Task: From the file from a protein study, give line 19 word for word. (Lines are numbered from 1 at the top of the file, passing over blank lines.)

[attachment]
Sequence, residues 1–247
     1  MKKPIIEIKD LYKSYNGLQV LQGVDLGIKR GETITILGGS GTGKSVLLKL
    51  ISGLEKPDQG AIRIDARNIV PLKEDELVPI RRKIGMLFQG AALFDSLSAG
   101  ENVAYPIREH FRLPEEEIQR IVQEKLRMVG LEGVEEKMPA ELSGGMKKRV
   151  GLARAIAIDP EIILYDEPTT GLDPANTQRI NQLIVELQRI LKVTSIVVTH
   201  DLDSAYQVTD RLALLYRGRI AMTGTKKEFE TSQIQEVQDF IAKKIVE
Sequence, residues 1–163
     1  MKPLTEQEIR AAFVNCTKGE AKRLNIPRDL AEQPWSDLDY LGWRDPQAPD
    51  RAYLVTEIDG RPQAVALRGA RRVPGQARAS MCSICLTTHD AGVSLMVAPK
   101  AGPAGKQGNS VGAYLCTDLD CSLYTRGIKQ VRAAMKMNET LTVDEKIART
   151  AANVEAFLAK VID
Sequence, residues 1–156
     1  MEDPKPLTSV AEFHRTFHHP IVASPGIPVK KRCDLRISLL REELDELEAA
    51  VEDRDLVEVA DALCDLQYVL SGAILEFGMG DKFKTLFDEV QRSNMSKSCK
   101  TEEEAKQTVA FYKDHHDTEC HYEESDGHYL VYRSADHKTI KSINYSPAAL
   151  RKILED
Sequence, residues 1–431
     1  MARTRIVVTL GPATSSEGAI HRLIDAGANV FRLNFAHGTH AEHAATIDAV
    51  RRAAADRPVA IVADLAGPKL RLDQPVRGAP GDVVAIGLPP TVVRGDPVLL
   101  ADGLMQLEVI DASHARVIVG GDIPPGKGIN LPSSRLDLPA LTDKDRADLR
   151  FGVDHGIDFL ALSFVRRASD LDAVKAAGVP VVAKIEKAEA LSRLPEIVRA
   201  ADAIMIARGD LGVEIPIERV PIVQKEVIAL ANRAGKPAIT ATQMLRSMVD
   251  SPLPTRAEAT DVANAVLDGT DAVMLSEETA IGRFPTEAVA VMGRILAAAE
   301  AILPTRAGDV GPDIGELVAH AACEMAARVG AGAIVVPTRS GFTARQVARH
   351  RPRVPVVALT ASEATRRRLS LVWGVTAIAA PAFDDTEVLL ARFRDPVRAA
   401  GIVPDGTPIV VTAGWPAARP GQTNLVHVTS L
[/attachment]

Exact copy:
    51  RRAAADRPVA IVADLAGPKL RLDQPVRGAP GDVVAIGLPP TVVRGDPVLL